Times are tough, and the competition is tight. How did your company fare on our annual list of the top 50 employers in electronic design? For our 2010 edition, we started with a pool of 97 public companies and gathered data from 2009 and 2008, mainly from company 10-K reports filed with the Securities and Exchange Commission, reflecting the 2009 fiscal year (see “Despite Tough Times, Top Companies Know How To Thrive”).
In many cases, the fiscal year did not mirror the calendar of January to December 2009. Xilinx did not file its 10-K until June 1, 2010, so due to time constraints, its data reflects the fiscal year ending March 28, 2009 versus the comparable period in 2008.
In last year’s rankings, we had many issues with restatement of prior years’ data, due to ongoing investigations regarding the valuing of employee stock grants and options. While it appears that these issues were mostly cleaned up for 2009 reports, we did use the 2008 financial data as reflected on the 2009 10-K filed so we wouldn’t have any discrepancies.
While we analyzed 98 companies last year, we looked at 97 this year. Motors Liquidation Corp. reported the same results that General Motors achieved in last year’s analysis, as it is working its way through its Chapter 11 filing. We skipped it for this year’s analysis.
The “new” General Motors LLC is mostly owned by the U.S. government and somewhat owned by the Canadian government. It is a downsized, restructured version of the old GM. The 2009 10-K only showed results from July 10 through December 31, with many income and balance sheet adjustments, which makes comparisons difficult. We can reinstate the analysis of the “new” GM next year if warranted.
Employee data was mostly gathered from 10-K reports. In the few instances where these reports could not be found, we used annual reports or company Web sites. In most cases, the 2008 data had to be gathered from the 2008 10-K report, as most companies did not include the previous year’s employee count on the 2009 10-K. Employee count is typically reflected as of the last day of the fiscal/calendar year being reported.
When employees were reported separately by U.S. and international segments, both numbers were added together as long as a comparable breakout was available for the prior comparison year.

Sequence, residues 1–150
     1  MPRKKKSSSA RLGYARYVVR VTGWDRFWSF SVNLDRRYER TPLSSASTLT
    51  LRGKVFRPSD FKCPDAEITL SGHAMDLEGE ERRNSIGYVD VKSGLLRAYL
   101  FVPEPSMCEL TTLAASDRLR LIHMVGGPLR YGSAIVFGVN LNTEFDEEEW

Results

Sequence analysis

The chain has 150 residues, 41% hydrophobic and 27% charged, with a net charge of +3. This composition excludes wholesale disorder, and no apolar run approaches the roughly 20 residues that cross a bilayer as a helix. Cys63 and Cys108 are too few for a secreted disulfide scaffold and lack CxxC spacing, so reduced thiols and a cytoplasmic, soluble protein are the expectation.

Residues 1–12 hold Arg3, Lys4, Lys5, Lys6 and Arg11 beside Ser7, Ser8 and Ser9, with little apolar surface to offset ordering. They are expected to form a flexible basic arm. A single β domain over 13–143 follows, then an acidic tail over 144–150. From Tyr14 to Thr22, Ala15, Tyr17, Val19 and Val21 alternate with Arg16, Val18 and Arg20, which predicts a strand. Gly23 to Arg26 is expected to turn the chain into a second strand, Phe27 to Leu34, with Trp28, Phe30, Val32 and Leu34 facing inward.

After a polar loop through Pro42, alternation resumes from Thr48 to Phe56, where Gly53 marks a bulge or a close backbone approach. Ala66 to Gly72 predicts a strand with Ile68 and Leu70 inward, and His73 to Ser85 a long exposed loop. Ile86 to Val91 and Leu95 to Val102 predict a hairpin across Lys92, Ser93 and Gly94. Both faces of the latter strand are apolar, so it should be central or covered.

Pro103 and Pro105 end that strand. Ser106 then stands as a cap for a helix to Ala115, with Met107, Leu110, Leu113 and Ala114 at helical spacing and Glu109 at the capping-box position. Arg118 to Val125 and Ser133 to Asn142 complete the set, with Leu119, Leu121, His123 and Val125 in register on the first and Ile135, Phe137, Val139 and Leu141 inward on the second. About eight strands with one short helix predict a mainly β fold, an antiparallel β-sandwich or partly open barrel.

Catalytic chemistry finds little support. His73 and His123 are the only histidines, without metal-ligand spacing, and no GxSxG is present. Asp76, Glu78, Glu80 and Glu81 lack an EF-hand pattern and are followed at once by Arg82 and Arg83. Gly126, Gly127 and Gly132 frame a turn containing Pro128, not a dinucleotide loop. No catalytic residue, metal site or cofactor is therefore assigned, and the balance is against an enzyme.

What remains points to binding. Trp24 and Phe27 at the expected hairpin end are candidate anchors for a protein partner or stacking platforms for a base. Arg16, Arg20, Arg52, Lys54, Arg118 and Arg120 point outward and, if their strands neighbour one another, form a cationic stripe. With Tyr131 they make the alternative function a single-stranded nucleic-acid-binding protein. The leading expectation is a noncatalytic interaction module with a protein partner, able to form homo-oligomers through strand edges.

In the case of acquisitions or divestitures, we used our best guess so we wouldn’t severely credit or penalize a company based on year-over-year changes. Employee data pertaining to the unit acquired or divested typically isn’t separated for the time frames required, if it’s available at all. In cases where a reasonable assumption could not be made, the line score was adjusted, again in the spirit of not severely penalizing or crediting a company.
Furthermore, sales or total revenues were gathered from 2009 10-K reports. Pretax income was gathered from 2009 10-K reports. For most companies, it’s reported as “income before income taxes” or with similar terminology. The emphasis was on comparing the profit/loss generated solely by the operations of the company, but we also included interest expense, which is a result of business strategy or the nature of the business. We also wanted to be as consistent as possible across companies.
Pretax income margin, another criteria, is simply pretax income divided by sales. We also used long-term debt and stockholder’s equity data taken from the 2009 balance sheets, reasonably trying to include all non-current debt, even though at times it is not specifically labeled “long term debt” on the balance sheet. With respect to stockholder’s equity, we always took the previous year’s balance from the current year’s 10-K, as prior-year restatements can affect that balance.
Another factor, long-term debt to shareholder’s equity ratio, is simply the former divided by the latter. In cases where a company has a negative stockholder’s equity position as of the balance sheet date, the resulting negative number does not have much meaning, though a negative equity position is never a good situation.